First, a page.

Intereting Posts

Laws of Exponents for Cosets – Fraleigh p. 142 14.22
Prove Borel Measurable Set A with the following property has measure 0.
use of $\sum $ for uncountable indexing set
Is a measure for a sigma algebra determined by its values for a generator of the sigma algebra?
Book/tutorial recommendations: acquiring math-oriented reading proficiency in German
Olympiad Inequality $\sum\limits_{cyc} \frac{x^4}{8x^3+5y^3} \geqslant \frac{x+y+z}{13}$
Linear isoparametrics with dual finite elements
Can every element in the stalk be represented by a section in the top space?
Value of $\sum_{k=1}^{\infty}\frac{1}{k^2+a^2}$
What makes Tarski Grothendieck set theory non-empty?
How to prove cardinality equality ($\mathfrak c^\mathfrak c=2^\mathfrak c$)
Characterize the groups $G$ for which the map $\iota: G \to G$, sending $x \mapsto x^{-1}$ for all $x \in G$, is an automorphism of $G$
Prove that $A$ is diagonalizable iff $\mbox{tr} A\neq 0$
True or False. Convergent subsequence
Evaluating sums using residues $(-1)^n/n^2$

Euler’s Theorem

$$a^{\phi(n)}\equiv 1\pmod n,$$

which is valid only iff $a$ and $n$ are coprime, can be “generalized” a bit to

$$a^{\phi(n)+1}\equiv a\pmod n, (*)$$

where some zero-divisors of $n$ are also admissible for $a$, e.g.

$$2^4\equiv 2\pmod{10},$$

while what I would like to call zero-roots^{$\dagger$} of $n$ fail:

$$6^4\equiv 0\pmod{12}$$

But apart from these, does the generalization $(*)$ hold for all non-zero-roots of $n$?

$\dagger$ $a$ is a zero-root of $n$ $\Leftrightarrow$ $\exists k:a^k\equiv0\pmod n$ – this is the case iff all prime factors of $a$ and $n$ are the same

- 2011 AIME Problem 12, probability round table
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- Help in understanding the proof of Mersenne Prime
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- congruence issue

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- How can you prove that the square root of two is irrational?
- Proof of the formula for Euler's totient function
- If $n$ is an even perfect number $ n> 6$ show that the sum of its digits is $\equiv 1 (\bmod 9)$
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- A function can provide the complete set of Euler primes via a Mill's-like constant. Is it useful or just a curiosity?
- Is my intuition of “If $p \mid ab$ then $p \mid a$ or $p \mid b$” correct?
- Show that a Sophie Germain prime $p$ is of the form $6k - 1$ for $p > 3$
- If a number can be expressed as a product of n unique primes…
- Odd binomial sum equality has only trivial solution?

The congruence

$$a^{\varphi(n)+1} \equiv a \pmod{n},$$

or, for that matter,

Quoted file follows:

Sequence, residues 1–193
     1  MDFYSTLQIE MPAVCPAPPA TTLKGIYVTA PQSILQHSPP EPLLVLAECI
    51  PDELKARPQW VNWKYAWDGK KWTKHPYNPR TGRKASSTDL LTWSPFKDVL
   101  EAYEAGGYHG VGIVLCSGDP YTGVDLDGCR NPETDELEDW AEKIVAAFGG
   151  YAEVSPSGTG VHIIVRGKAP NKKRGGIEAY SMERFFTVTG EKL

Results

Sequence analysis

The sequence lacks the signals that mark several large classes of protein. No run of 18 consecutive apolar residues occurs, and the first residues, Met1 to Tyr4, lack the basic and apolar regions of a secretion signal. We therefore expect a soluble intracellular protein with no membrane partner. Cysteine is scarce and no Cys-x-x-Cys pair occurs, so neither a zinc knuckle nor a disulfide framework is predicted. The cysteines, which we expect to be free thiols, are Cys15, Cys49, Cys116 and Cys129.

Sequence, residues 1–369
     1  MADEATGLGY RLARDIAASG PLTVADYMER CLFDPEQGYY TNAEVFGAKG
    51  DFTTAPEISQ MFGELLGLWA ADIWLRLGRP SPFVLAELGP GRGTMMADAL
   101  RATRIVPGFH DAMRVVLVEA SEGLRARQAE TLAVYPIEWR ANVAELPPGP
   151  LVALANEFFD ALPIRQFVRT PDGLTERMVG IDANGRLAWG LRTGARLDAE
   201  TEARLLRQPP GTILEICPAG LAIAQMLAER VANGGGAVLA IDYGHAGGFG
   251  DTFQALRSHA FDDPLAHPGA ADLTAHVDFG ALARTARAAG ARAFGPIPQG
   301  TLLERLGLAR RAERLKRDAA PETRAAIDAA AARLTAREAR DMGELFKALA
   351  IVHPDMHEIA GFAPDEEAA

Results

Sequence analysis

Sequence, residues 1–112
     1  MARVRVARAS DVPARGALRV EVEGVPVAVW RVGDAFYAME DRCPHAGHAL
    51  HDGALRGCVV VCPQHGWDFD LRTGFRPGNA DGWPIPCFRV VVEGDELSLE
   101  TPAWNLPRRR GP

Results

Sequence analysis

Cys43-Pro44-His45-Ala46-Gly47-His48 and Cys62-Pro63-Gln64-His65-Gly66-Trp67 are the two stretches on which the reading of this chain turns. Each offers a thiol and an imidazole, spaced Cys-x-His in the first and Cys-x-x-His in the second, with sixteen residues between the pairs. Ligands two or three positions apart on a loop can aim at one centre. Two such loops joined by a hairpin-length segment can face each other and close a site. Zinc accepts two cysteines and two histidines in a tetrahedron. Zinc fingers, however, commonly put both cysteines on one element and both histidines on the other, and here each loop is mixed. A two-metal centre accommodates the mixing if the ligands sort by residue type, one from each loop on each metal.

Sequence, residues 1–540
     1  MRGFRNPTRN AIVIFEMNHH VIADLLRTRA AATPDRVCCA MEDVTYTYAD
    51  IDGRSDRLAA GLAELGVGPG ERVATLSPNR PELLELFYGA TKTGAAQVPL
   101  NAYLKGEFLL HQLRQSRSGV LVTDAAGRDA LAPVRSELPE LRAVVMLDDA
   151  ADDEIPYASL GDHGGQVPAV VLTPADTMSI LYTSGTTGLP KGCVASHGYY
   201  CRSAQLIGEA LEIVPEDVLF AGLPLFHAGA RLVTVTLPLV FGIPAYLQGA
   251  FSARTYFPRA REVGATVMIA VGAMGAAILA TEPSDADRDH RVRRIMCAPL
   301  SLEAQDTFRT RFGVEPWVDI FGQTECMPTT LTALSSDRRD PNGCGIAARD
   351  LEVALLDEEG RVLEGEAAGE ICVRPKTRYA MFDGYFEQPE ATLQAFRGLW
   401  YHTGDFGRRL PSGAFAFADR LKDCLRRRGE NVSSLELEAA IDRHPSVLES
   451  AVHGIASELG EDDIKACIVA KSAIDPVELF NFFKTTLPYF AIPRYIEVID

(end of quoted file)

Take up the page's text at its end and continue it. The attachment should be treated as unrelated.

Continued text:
$$a^{\lambda(n)+1} \equiv a \pmod{n},$$

holds if and only if for all primes $p$ dividing $n$ we have $p \nmid a$ or $v_p(a) \geqslant v_p(n)$ (where $v_p(k)$ is the multiplicity of $p$ in the prime factorisation of $k$, so $p^{v_p(k)} \mid k$, but $p^{v_p(k)+1} \nmid k$).

To see that, consider a prime $p$ dividing $n$, and let $k = v_p(n)$. Then $\varphi(p^k) = (p-1)p^{k-1}$ divides $\lambda(n)$ and a fortiori $\varphi(n)$. Now let $a$ arbitrary. If $p \nmid a$, then $a^{\lambda(n)} \equiv a^{\varphi(n)} \equiv 1 \pmod{p^k}$, and $a^{\lambda(n)+1} \equiv a^{\varphi(n)+1} \equiv a \pmod{p^k}$. And if $p\mid a$, then

$$v_p(a^{\lambda(n)}) \stackrel{\varphi(p^k)\mid\lambda(n)}\geqslant v_p(a^{\varphi(p^k)}) \stackrel{p\mid a}\geqslant \varphi(p^k) = p^{k-1}(p-1) \geqslant p^{k-1} \geqslant k,$$

so $a^{\lambda(n)} \equiv 0 \pmod{p^k}$, and a fortiori $a^{\lambda(n)+1} \equiv 0 \pmod{p^k}$ and $a^{\varphi(n)+1}\equiv 0 \pmod{p^k}$. So if $p \mid a$, we have $a^{\lambda(n)+1} \equiv a \pmod{p^k} \iff a \equiv 0 \pmod{p^k}$ (and ditto for $\varphi(n)$).

Since $a^e \equiv a \pmod{n}$ if and only if $a^e \equiv a \pmod{p^{v_p(n)}}$ for all primes dividing $n$ (that last condition is not necessary, if $p \nmid n$, we have $a^e \equiv a \pmod{p^0}$ regardless), the result follows.

It holds at least for squarefree $n$ (which explains your mod 12 exception). This is already valid for the Carmichael function $\lambda(n)$, see http://en.wikipedia.org/wiki/Carmichael_function#Exponential_cycle_length

Another way:

$$\begin{align}

a^{\phi(n)+1} &\equiv a \pmod n \quad(*)

\\\Leftrightarrow a^{\phi(n)} &\equiv 1 \pmod{n/\gcd(n,a)}

\end{align}$$

If $a$ and $n$ are coprime (i.e. $\gcd(n,a)=1$), this is simply Euler’s Theorem and therefore true. Otherwise, since

$$ \phi(a\cdot b) = \phi(a)\phi(b)\frac{\gcd(a,b)}{\phi(\gcd(a,b))},$$

let $g:=\gcd(n,a)$ and $m:=n/g$ to obtain

$$\begin{align}

\phi(n) &= \phi(m\cdot g)

\\ &= \phi(m)\cdot\underbrace{\frac{\phi(g)\gcd(m,g)}{\phi(\gcd(m,g))}}_{=:k}

\end{align}$$

and therefore

$$(*)\Leftrightarrow \left(a^k\right)^{\phi(m)} \equiv 1\pmod m$$

which is again Euler’s theorem that holds iff $a^k$ and $m$ are coprime where $k=\phi(n)/\phi(m)$ and $m=n/\gcd(n,a)$.

I’ll try to correlate this to Daniel Fischer’s requirements later on…

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- Can Euler's identity be extended to quaternions?
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